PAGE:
A Commentary On Man

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A Commentary On Man’s Faith And Guilt Essay, Research Paper A Commentary on Man s Faith and his Guilt Archibald MacLeish raised many thought provoking questions in the play J.B.. The Book of Job had already asked some of these questions, while others were very original and insightful. MacLeish offers many powerful thoughts on the relationship between man and God, some of which are disturbing to consider. Nickels lost his faith in both God and man. He believes that the purpose of life is merely to survive and not to live. Nickles says, There must be thousands!… Millions and millions of mankind burned, crushed, broken, mutilated, slaughtered, and for what? For thinking! For walking around the world in the wrong skin, the wrong shaped noises, eyelids: sleeping the wrong

night wrong city- London, Dresden, Hiroshima. (MacLeish, 12) In fact the only thing that Nickels did have faith in was that J.B. would curse God if tested. Mr. Zuss, on the other hand, has complete faith in humanity and J.B. He knows of J.B. s strength and his ability to love God. In short, Mr. Zuss has faith in J.B. s faith. However, J.B. s faith in God is ill founded. J.B. s faith in God is based on the fact that he believes God to be just, but is God really just? If he is then why does J.B. suffer so? Maybe it is just J.B. s notion of justice that is incorrect. Bildad comments on the notion of justice, History is justice! Time inexorably turned to truth! One man s suffering won t count, no matter what his suffering; but all will. At the end there will be justice! Justice for

All! Justice for everyone! (MacLeish, p121). This can be taken to mean that there is no justice for individuals only for mankind as a whole. So if this is the case, how does J.B. manage to keep his faith when he finds out that there was no reason for his suffering? The deaths of his children, the loss of his wealth and the corruption of his health were all done for no cause and yet J.B. maintains his love for God. Why? Perhaps J.B. now puts his faith in the fact that God is all knowing and has a plan for each of us that we cannot hope to understand. After all, is that not the definition of faith, to put ones trust into something that is beyond comprehension. J.B. realizes this in the end, I know that thou canst do everything… and that no thought can be withholden from thee. ..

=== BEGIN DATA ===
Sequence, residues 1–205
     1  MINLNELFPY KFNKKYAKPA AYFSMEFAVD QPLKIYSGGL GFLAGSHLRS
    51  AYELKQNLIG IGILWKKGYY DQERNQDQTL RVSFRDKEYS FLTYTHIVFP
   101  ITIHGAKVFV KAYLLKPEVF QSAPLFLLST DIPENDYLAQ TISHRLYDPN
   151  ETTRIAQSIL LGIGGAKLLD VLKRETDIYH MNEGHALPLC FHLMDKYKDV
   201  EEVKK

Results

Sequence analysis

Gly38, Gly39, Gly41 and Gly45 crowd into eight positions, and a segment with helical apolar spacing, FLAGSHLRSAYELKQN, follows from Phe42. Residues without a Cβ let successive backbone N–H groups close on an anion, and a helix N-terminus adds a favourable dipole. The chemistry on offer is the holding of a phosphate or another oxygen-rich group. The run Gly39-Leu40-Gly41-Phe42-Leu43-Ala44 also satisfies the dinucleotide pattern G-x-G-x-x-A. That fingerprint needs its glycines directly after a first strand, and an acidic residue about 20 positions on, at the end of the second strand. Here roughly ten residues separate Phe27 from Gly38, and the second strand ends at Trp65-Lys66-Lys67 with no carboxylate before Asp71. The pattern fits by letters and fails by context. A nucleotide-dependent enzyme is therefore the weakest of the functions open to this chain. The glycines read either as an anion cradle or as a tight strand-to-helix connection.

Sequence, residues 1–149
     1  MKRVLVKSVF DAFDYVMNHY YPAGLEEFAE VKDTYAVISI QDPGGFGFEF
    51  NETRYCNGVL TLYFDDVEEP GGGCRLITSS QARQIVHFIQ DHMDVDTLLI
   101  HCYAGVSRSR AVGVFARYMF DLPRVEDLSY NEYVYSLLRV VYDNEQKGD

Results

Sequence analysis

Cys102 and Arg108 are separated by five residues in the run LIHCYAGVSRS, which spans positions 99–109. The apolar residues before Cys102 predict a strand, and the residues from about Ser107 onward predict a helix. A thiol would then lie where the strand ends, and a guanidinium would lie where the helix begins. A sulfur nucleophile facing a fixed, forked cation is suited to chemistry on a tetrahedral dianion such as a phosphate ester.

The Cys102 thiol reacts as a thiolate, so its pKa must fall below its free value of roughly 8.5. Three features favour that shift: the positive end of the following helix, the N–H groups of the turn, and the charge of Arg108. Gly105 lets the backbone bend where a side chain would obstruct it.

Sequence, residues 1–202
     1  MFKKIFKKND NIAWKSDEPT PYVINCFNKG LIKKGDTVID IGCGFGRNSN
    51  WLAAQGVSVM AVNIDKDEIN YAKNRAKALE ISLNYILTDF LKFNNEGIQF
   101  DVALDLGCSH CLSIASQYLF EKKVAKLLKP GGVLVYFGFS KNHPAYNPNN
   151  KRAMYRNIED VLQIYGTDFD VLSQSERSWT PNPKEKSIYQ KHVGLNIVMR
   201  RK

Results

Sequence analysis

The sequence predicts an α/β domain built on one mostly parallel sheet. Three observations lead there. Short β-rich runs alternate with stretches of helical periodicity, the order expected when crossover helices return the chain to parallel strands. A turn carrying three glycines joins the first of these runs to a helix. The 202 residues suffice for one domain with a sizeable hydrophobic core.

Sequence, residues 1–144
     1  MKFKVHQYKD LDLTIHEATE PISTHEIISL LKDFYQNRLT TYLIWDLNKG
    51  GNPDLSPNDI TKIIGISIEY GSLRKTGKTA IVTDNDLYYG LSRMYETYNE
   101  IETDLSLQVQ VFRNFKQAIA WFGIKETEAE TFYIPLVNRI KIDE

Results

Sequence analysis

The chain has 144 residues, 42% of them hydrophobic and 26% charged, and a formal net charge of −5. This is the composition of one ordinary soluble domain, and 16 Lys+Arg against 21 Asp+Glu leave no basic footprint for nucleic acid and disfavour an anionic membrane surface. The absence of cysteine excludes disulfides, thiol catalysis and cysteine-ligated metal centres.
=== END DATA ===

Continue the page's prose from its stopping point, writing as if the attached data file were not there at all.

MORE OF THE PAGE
Therefore have I uttered that I understood not: Things too wonderful for me, which I knew not. I have heard of thee by the hearing ear… but now… mine eye seeth thee! Wherefore I abhor myself… and repent… (MacLeish, 132) The three comforters offer some intriguing thoughts on the concept of man s guilt. Bildad states that guilt is merely a sociological accident . That is, guilt is simply determined by chance; if you are in the wrong place at the wrong time you are guilty. Should the man who survives a fatal car accident feel guilty? Should the other deaths be on his conscience, he was merely going about his business when his car staled and plowed into a group of pedestrians. There was nothing he could have done to prevent this, yet those people are dead because of him.

However, this idea of guilt also has a lot to do with perception, You may be guiltier than Hell as history counts and not one smudging thumbprint on your conscience. (MacLeish, p121). What at one time may have been considered a sin might not be today and what may be a sin today might not be considered a sin tomorrow. An example of this can be seen in the idea of Manifest Destiny which America practiced though the 1800 s. People of the time felt they were doing God s will and so had a free conscience. Yet today we look back at all of the injustices that came as a result of Manifest Destiny and are haunted by our misdoings. Eliphaz suggests that guilt is a psychophenomenal situation . He says that our ignorance causes our guilt and that we are all actually victims of our guilt